Trump tariff may place knots in Canadian railroads' lumber traffic

Canadian National is North America's largest forest products hauler
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A Canadian National train with lumber near the front rounds a bend at Clemina, British Columbia.
Canadian National website
A long-simmering trade dispute over Canadian lumber boiled over on Monday as the U.S. slapped tariffs on softwood imports — a move likely to hurt the volume of forest products Canadian National and Canadian Pacific trains haul across the border.

The U.S. Commerce Department hit Canadian lumber exporters with a retroactive tariff on the lumber used to build homes. The tariff varies by company and province — and is highest for producers in British Columbia — but generally falls in the 20-percent range.

At issue: Logging on government-owned land, which the U.S. says amounts to an unfair subsidy that allows Canadian lumber to be sold at lower prices. Canadian officials disagree and have vowed to fight the tariffs.

“It is an issue we are following closely,” CN representative Patrick Waldron says.

Executives from CN and CP did not address possible lumber tariffs during their respective earnings calls over the past two weeks. But they did address trade issues during their fourth-quarter earnings calls in January.

CN CEO Luc Jobin said there was a lot of uncertainty around the Trump administration’s trade proposals, but that the railroad and its customers expected the North American Free Trade Agreement to survive. CP CEO Keith Creel agreed, while noting that CP is not as exposed to lumber as CN.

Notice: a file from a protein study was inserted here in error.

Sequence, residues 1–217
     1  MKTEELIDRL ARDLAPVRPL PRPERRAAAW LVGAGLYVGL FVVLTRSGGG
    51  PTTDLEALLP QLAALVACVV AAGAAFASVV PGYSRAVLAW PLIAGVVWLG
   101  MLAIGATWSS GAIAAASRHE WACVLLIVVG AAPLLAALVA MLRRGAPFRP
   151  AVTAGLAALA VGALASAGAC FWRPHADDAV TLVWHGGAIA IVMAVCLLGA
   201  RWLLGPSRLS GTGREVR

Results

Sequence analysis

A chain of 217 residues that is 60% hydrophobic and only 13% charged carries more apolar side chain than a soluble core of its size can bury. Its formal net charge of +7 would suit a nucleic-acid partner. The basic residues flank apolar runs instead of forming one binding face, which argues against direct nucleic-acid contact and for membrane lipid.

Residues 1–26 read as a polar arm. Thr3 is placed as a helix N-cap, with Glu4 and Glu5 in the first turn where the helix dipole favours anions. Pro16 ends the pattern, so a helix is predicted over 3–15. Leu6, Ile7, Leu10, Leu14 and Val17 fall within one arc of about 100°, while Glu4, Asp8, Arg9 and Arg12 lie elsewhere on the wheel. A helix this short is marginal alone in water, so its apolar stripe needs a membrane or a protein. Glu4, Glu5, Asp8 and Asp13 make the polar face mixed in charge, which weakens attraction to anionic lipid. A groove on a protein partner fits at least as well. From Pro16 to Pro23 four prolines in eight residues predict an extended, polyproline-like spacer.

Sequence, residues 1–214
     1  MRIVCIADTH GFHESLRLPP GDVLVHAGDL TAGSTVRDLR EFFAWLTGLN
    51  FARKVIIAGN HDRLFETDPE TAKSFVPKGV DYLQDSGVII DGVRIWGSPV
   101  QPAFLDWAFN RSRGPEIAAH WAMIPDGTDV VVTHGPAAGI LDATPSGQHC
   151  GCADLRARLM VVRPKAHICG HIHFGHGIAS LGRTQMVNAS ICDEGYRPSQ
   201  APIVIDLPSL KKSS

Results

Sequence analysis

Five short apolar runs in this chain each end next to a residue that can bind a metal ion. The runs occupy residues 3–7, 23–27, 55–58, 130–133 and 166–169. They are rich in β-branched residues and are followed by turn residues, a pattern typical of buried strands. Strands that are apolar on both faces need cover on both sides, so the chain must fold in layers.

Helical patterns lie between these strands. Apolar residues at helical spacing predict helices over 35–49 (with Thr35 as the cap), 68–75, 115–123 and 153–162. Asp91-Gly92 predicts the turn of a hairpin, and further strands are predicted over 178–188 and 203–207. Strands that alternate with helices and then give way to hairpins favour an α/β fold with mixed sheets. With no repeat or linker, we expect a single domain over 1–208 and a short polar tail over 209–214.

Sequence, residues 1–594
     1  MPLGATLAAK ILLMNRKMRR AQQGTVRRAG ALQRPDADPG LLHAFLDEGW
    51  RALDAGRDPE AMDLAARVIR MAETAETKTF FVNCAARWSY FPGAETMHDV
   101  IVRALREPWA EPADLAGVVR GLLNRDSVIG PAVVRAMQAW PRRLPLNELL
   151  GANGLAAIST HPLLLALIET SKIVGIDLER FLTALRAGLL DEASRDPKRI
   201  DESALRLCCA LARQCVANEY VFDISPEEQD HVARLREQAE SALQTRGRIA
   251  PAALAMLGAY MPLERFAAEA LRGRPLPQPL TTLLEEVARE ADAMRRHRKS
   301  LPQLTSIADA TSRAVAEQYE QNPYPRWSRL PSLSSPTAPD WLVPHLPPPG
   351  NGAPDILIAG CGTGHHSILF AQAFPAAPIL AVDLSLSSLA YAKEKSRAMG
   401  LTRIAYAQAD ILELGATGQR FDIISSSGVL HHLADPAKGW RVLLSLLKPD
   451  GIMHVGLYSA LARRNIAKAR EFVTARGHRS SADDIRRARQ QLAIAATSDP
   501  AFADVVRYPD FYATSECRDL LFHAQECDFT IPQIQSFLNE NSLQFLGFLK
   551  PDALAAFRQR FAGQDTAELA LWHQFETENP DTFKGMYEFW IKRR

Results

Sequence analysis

Indeed, CN is the largest hauler of forest products in North America, and about 10 percent of its revenue is related to the U.S. housing market. Lumber is the largest segment of CN’s forest products traffic. Last year CN hauled 440,000 carloads of forest products, which produced $1.7 billion in revenue.

CP, by contrast, handled 66,000 carloads of forest products last year, representing 5 percent of its revenue. Nearly a third of the railway’s $275 million in forest products revenue is related to lumber.

At an investor conference after the November presidential election, CN Chief Financial Officer Ghislain Houle said that if Canadian lumber producers face quotas from the U.S., they could potentially expand markets in Asia. Either way CN would still be involved in shipping forest products, he said.

But CN’s length of haul would decline, as the ports of Vancouver and Prince Rupert, B.C. are far closer to lumber mills than markets in the U.S.

Larry Gross, a transportation analyst with FTR, says lumber and wood products represent just 2.5 percent of all North American carloads.

“Only a portion of that crosses the border and much of that volume will keep flowing in any event,” Gross says. "So I think it will be pretty minor, although obviously more important for some rails and routes than others.”

British Columbia is the largest producer of softwood in Canada, according to the BC Lumber Trade Council. The province exports $4.6 billion worth of lumber to the U.S. annually. About half of the province’s production is exported to the U.S., with 35 percent bound for Asia and the balance sold in Canada.

“These duties are unwarranted, and this determination is completely without merit,” says Susan Yurkovich, president of the BC Lumber Trade Council. “The allegations made by the U.S. lumber lobby are the same arguments they made in prior rounds of litigation, all of which were rejected and overturned by independent NAFTA panels. This new trade action is driven by the same protectionist lumber lobby in the U.S. whose sole purpose is to create artificial supply constraints on lumber and drive prices up for their benefit, at the expense of American consumers.”

A CP representative did not immediately return an email seeking comment.

NEWSWIRETrains News Wire

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